This production has the RSC pro Greg Hicks, who I’ve seen as Macbeth and Julius Caesar, in the role of Leontes, the king of Sicilia who suddenly falls into a pit of pathological jealousy over his wife Hermione, suspecting her of an affair with his childhood friend and ally, Polixenes, king of Bohemia. Watching the roller coaster of his madness is as unsettling as watching any mental illness and its portrayal is Shakespeare at his most acute. It is like Othello’s jealousy only worse in that his condition is not fed by an Iago. As Bloom remarks, Leontes is his own Iago.
Hicks is not as powerful and as eye-popping a Leontes as the remarkable Antony Sher whose version you can track down on DVD. Sadly Perdita, his daughter, was not played strongly enough by Samantha Young, lacking the personality the role needs. I doubt if the role of Paulina delivered by Noma Dumezweni came close to what that needs either. She is the noblewoman who talks truth to power, confronting the insane king with the enormity and injustice of his actions.
It is being performed in the Roundhouse theatre in the inner suburb of Camden. Given the thrust stage, the production lost a lot of its poetry when a line got delivered by an actor facing in the opposite direction. Compared with the acoustics for Hamlet on the traditional proscenium stage of the Olivier (see below) which is pretty much perfect this is frustrating. You cannot enjoy poetic drama if you miss every third line. Still we can look forward to the new complex being built at Stratford-on-Avon which I recall is close to completion.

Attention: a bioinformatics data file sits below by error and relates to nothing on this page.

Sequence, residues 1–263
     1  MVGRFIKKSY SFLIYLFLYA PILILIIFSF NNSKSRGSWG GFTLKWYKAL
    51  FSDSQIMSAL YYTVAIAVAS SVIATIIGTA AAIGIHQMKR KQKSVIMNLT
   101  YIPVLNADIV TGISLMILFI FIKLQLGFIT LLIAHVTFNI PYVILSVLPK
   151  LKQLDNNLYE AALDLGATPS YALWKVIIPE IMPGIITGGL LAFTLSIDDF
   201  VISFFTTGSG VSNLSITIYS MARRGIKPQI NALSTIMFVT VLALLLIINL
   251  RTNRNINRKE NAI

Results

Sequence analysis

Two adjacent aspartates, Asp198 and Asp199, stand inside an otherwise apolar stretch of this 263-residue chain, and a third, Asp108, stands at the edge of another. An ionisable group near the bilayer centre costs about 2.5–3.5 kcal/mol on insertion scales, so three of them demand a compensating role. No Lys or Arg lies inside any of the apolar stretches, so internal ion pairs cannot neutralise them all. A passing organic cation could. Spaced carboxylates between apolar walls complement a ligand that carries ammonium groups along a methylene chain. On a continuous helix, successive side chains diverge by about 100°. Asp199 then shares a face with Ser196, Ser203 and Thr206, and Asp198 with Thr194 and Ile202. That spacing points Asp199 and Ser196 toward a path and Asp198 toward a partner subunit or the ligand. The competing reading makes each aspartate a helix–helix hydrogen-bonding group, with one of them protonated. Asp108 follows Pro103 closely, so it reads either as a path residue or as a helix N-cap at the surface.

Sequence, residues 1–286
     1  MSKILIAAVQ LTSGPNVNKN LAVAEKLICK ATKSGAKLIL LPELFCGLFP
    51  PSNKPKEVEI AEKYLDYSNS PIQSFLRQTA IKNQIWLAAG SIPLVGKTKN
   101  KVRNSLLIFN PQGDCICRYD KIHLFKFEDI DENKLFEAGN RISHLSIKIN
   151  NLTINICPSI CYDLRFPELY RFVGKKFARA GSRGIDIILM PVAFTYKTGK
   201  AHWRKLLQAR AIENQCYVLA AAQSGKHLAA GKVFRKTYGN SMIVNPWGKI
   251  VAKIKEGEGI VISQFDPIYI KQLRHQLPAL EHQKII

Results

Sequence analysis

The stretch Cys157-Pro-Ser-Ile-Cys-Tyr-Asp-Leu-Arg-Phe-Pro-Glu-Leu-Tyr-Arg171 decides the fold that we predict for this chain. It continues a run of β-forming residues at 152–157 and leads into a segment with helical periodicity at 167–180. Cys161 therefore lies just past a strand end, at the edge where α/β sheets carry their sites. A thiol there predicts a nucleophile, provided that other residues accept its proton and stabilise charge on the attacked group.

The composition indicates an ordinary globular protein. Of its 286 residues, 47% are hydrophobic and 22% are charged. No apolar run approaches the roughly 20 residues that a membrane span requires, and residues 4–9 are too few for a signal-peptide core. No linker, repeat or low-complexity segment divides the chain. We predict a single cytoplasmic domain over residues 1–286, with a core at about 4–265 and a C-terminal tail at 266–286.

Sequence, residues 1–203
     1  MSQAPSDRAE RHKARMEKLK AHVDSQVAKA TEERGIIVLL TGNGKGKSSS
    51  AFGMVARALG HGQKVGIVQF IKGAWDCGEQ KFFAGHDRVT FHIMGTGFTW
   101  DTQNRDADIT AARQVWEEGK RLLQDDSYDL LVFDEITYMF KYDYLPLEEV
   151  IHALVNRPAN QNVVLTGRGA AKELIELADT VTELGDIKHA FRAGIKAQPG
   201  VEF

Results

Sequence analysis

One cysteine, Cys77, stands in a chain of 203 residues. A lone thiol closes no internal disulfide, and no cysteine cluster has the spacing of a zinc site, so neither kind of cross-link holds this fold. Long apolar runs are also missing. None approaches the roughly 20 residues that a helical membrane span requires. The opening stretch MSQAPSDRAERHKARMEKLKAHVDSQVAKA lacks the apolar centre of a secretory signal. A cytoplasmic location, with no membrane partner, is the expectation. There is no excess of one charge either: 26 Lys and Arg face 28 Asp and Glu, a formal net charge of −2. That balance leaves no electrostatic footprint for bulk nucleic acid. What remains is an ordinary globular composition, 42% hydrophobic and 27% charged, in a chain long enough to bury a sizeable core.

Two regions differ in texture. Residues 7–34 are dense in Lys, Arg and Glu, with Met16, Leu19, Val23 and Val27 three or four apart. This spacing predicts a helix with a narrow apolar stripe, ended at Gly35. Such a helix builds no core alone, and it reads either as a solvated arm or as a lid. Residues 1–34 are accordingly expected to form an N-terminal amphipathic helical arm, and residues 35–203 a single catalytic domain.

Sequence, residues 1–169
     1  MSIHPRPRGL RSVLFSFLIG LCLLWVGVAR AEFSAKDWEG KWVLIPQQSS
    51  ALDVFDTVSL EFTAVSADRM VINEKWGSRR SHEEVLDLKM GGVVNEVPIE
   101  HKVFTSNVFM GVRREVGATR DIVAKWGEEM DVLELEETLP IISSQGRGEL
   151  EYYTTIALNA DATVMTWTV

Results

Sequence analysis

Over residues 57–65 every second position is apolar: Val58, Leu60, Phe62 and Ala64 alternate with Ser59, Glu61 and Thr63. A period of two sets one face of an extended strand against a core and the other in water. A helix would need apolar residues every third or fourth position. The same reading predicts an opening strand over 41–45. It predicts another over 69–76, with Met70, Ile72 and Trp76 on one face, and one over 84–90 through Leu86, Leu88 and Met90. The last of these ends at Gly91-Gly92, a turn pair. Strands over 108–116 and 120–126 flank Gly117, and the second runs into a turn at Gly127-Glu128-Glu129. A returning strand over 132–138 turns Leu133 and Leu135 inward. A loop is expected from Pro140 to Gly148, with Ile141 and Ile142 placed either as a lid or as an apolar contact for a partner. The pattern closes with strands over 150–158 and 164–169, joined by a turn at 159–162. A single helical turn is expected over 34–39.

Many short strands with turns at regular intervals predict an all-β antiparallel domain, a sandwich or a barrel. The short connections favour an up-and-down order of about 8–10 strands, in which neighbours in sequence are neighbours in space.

The Masterbuilder, performed at the small Almeida at Islington – acoustics fine – was a disappointment. Perhaps this was because Hendrik Ibsen goes beyond the terrain of his earlier plays, from historic or realist drama to the symbolic. I was not sure what his message was. The difficulty with the production may have compounded the problem. The point of setting the actors in a sandpit? My disappointment is all the more because I recall powerful Ibsens in recent years in London: a Hedda Gabler in the West End and The Wild Duck at the Donmar.
As for Sheridan’s The Rivals at the Haymarket… nothing unifying the performances, no style, no zest and, as a result, not a laugh in it. Any audience member will be left as I was wondering what Sheridan’s much-vaunted genius was all about.
Penelope Keith as Mrs Malaprop and Peter Bowles as Sir Anthony Absolute were obvious venerable comics to be harnessed to carry the thing but to no effect. One of the lessons of this very dull evening is that the hallowed name of director Peter Hall can carry no guarantee of quality.